Book reviews

Posts tagged ‘Herman Koch’

Summer House with Swimming Pool by Herman Koch

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I like Herman Koch’s novels, but I don’t want to meet any of his characters in a dark alley or even on a sunny day on the beach. The Dinner has stuck in my head because of the unsettling characters. The behaviour of the characters from Summer House with Swimming Pool also left me feeling uneasy.

House with a Swimming Pool is narrated by Doctor Marc Schlosser, who on the face of things is a devoted family man, husband and father. Marc is a doctor with a successful practice and is often invited to star-studded movie premieres, plays and concerts by his famous patients. Underneath his capable appearance though, Marc is squeamish, and doesn’t really like people or their bodies.

The story starts with Marc being charged for malpractice after Ralph Meier, a famous Dutch actor, dies. The rest of the story tells us how and why Marc found himself in this position.

Before Ralph’s death, Marc, his wife and two daughters (one 14 and the other 12), went camping near Ralph’s summer holiday house and when they met at the beach, were invited to pitch their tent in Ralph’s yard. Marc, who engineered the meeting, accepted because he intended to have an affair with Ralph’s wife.

Of course, things went horribly wrong on the holiday and become worse and worse for Marc and his family, but also for Ralph, his family and other houseguests for reasons which I did not see coming. This was possibly because I was too busy feeling squeamish myself after reading a horribly graphic account of an eye infection that Marc suffered. The pus, treatment and general yuckiness was described in such detail that I could only just manage to read this section of the story. Marc regularly tells (in loads of detail) about bodily functions and illnesses which disgust him, all of which add to the uneasy feeling of the story.

I cannot imagine why Marc ever became a doctor, but am grateful Herman Koch became an author, even if he is one I would cross the street to avoid. He writes about psychopaths and people with skewed morals and values so well that I’m more than a little frightened of him too.

 

 

 

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The Dinner by Herman Koch

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The Dinner by Herman Koch is a thriller of the nastiest kind.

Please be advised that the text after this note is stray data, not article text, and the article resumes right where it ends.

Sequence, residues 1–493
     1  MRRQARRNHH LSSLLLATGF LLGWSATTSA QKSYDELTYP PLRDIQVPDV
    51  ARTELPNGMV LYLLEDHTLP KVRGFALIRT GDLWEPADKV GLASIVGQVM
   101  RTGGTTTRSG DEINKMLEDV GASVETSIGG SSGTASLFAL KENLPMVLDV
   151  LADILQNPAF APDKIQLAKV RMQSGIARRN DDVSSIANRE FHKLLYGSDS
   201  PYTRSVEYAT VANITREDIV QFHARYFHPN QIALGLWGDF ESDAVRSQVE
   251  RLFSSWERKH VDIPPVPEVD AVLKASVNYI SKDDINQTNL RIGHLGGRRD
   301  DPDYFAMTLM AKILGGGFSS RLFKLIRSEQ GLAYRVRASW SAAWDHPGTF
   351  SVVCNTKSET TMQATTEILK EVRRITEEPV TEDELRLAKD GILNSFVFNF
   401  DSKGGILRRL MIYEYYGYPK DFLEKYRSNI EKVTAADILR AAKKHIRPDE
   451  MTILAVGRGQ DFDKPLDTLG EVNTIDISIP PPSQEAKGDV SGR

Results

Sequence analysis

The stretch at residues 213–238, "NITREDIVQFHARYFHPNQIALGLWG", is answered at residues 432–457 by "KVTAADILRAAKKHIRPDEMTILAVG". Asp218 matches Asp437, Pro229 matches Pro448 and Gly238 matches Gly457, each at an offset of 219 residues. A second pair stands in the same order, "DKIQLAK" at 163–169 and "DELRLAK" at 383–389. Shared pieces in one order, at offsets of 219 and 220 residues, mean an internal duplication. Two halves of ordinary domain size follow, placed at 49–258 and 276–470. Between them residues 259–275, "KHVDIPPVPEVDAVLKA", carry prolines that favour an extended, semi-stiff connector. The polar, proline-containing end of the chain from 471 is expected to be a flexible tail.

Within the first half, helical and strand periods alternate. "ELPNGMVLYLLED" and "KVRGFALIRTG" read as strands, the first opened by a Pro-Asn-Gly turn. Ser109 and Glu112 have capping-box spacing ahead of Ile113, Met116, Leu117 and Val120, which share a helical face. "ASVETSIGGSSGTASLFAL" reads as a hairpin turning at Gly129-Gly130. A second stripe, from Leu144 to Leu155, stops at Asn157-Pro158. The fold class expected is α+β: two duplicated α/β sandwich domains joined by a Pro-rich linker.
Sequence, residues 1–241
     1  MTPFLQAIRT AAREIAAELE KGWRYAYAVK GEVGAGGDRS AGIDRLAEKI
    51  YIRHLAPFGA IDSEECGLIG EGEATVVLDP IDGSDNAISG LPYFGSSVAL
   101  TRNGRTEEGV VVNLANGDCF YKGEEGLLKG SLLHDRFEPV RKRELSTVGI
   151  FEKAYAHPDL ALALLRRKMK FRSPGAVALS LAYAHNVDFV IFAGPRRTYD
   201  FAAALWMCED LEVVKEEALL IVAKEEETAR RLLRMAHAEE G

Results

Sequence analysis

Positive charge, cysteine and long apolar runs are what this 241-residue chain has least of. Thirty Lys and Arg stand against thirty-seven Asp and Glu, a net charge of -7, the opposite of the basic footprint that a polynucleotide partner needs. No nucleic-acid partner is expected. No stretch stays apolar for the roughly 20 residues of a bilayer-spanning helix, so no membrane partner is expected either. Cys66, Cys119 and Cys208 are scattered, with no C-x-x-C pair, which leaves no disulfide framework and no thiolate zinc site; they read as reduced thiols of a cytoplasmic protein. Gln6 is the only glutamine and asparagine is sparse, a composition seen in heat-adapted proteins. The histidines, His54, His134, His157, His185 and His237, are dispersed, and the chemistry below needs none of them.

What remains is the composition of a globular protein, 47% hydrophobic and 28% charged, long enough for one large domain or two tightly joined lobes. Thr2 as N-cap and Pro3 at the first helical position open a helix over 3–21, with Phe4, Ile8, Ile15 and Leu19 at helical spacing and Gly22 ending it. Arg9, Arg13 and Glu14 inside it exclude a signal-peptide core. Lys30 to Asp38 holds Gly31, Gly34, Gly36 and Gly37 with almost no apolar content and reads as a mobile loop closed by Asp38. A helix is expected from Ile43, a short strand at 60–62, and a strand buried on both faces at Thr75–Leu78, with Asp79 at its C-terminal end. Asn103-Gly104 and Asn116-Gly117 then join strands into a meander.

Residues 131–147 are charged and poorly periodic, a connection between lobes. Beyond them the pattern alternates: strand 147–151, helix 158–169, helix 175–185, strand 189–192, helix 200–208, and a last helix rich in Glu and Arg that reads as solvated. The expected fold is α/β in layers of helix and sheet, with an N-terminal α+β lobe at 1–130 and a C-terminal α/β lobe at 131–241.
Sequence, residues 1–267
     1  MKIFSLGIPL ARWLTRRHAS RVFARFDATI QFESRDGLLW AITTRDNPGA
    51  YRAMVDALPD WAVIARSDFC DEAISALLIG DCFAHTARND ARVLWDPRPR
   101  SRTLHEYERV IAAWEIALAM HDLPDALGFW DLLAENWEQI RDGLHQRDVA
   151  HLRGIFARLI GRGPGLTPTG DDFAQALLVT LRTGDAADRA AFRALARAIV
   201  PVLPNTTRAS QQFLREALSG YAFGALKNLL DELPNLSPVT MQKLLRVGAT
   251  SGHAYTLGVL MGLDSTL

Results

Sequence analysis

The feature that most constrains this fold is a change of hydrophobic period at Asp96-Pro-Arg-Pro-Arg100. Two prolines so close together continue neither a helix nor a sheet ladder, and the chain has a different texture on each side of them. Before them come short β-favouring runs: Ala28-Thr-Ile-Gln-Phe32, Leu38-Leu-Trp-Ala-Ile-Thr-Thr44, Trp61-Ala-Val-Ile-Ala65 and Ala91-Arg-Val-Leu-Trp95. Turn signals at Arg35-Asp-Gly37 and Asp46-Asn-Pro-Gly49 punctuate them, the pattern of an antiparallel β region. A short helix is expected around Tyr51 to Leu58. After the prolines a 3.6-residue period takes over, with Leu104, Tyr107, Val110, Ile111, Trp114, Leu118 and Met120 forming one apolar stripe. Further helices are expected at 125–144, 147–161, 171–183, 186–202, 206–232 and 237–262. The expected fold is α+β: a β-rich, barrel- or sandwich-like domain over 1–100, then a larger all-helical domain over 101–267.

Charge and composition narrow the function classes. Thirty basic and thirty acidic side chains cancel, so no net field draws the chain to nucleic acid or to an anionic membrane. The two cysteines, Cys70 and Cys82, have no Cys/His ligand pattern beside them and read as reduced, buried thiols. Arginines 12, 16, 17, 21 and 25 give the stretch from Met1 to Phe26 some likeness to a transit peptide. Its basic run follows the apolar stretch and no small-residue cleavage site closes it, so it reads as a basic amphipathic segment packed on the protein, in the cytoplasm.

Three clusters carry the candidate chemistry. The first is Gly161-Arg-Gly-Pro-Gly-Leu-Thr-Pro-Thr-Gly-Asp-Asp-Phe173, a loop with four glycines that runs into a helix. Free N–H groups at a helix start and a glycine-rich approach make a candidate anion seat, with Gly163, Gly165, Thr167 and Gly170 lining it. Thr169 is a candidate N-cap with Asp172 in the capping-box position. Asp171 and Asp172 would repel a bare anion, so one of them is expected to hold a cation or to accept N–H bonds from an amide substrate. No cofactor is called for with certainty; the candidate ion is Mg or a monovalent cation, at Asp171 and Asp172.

The story is narrated by Paul Lohman over the course of an evening, while he and his wife Claire have dinner with Paul’s brother Serge and his wife Babette, at a ridiculously fancy and expensive restaurant.

Paul knows in advance that everything Serge says and does during the evening will infuriate him. At first this appears to be the usual case of sibling rivalry. Serge is a politician who is in the running to be the Netherlands next Prime Minister, while Paul is a former high school history teacher, who has not worked in ten years because of his anger management issues.

However, despite Paul wishing he were anywhere else, the two couples have agreed to meet for dinner to discuss a secret. Their teenage sons have committed a crime, which is so far only known to themselves.

I can understand Paul and Claire wanting to protect their son. But what Michel has done is not something that he or Rick should be protected from facing the consequences of, but the lack of humanity in the characters in this novel is frightening. The actions of the characters does not even compare to the type of people they are though, what they are capable of and how undetectable sociopaths are from other people in society.

At times the words were stilted. I’m not going to criticise the story for this, because the edition I read had been translated from Dutch to English, but I believe The Dinner would read better in the original language. I found the first half of the story, Aperitif and Appetizer slow (and the food itself disappointing), but by the time I got to the Main Course and Dessert of The Dinner I couldn’t read quickly enough to find out how things would work out.

The Dinner left me feeling uncomfortable. I would go back for another serving from this author though.

 

 

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